A former top-15 draft pick ran underneath a beautifully thrown Eli Manning pass for a 30-yard gain last Sunday at Washington. And it wasn’t Odell Beckham Jr.

Corey Coleman, 24, a Cleveland Browns first-round choice in 2016 whose career nearly spun out completely this offseason, was the wide receiver grabbing on to his opportunity with Beckham sidelined and holding on in his quest for redemption.

“It feels good to be out there contributing and really just playing my game, with the coaches believing in me, Eli believing in me like that, and the guys in the receiving corps helping me out,” Coleman, who played a season-high 42 snaps in Week 14, told the Daily News Wednesday.

“I’m a fighter,” Coleman added. “I’m gonna keep on fighting. (This offseason) was humbling, but it’s good. God puts you through tests in your life, and it’s really how you respond. I love this game, so I’m gonna keep on working, staying humble and everything else will work out.”

Corey Coleman gets some love from his head coach Pat Shurmur after making a difference for the Giants in romp over Washington. (Mark Tenally / AP)

Sunday’s catch may have looked like just another completion. But for the speedy Coleman, it was a sliver of validation after a tortuous summer that the hard work he’s putting in can pay off.

Coleman, the Browns’ 15th overall pick out of Baylor less than three years ago, had his lowest moments of his young career play out publicly on HBO’s Hard Knocks this August.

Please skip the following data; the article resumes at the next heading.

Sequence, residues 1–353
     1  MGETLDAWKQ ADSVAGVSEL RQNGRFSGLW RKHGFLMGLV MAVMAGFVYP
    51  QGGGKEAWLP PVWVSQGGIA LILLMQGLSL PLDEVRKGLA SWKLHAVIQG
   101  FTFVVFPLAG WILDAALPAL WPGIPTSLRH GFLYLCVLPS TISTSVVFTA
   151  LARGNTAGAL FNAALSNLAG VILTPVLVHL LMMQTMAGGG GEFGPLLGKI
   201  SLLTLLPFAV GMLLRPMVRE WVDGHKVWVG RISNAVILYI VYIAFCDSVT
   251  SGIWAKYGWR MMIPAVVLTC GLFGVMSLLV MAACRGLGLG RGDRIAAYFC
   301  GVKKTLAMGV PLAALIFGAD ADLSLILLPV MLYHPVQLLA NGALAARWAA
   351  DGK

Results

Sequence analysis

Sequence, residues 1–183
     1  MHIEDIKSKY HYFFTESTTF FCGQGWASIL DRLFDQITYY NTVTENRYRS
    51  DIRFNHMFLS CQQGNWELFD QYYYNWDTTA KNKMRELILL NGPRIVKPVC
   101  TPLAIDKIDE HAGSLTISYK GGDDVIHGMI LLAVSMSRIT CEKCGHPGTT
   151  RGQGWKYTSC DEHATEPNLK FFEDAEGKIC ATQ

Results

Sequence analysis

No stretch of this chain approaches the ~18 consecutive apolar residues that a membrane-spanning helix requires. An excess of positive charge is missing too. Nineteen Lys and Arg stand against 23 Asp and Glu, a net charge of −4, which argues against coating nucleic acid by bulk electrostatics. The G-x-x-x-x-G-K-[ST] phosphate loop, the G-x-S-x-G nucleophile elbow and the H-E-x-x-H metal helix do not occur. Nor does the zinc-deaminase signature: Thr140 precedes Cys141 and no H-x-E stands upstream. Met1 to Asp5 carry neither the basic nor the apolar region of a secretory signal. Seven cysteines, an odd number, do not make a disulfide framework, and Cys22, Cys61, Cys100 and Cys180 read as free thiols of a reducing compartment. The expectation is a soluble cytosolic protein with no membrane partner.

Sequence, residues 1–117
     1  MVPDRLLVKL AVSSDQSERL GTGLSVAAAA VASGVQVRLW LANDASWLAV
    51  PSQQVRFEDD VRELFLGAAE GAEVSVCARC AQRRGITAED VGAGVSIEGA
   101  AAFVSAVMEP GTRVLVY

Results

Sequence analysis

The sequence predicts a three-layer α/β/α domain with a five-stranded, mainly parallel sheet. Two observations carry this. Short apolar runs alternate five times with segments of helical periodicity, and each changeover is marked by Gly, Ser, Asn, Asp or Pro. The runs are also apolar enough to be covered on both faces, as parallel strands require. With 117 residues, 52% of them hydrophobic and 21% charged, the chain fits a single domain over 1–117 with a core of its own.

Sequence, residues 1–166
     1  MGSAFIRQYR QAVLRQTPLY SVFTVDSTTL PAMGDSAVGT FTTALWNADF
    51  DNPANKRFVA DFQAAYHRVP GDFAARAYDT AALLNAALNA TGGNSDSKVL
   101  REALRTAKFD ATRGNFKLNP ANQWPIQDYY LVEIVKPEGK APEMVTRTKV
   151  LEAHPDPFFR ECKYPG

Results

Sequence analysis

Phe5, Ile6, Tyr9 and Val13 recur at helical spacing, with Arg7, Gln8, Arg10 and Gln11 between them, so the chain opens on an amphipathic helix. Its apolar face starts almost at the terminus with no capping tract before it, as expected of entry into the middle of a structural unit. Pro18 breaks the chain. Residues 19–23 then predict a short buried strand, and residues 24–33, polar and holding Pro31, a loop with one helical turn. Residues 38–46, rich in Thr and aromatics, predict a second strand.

He caught 56 passes for 718 yards and five TDs in 19 games his first two seasons. But he started low on the Browns’ depth chart this training camp and then had his practice effort questioned on camera by since-fired offensive coordinator Todd Haley.

Coleman then walked into since-fired head coach Hue Jackson’s office and asked: “Why am I running second-team? This (inaudible) is crazy to me. If you don’t want me to play, why won’t ya’ll just trade me?” And GM John Dorsey did just that on Aug. 5, trading Coleman to the Buffalo Bills for a 2020 seventh-round pick.

But Buffalo cut Coleman on Sept. 2. The New England Patriots signed Coleman and employed him briefly before releasing him for good on Sept. 18.

And then Coleman didn’t have a home until he tried out for the Giants on Oct. 16. And even then, when he signed with the Giants on Oct. 17, he only signed a practice squad contract. Going from being a first-round pick to a practice squad afterthought is no easy trial. Those are the types of mental challenges, veteran receiver Russell Shepard said, that often end careers.

“A lot of guys in (Coleman’s) position, when you go through those things, those guys have to kind of learn backwards,” said Shepard, a former undrafted free agent out of LSU.

Corey Coleman gets back to work on Wednesday as he looks to continue to build on his recent success with Giants.
Corey Coleman gets back to work on Wednesday as he looks to continue to build on his recent success with Giants. (Pat Leonard/New York Daily News)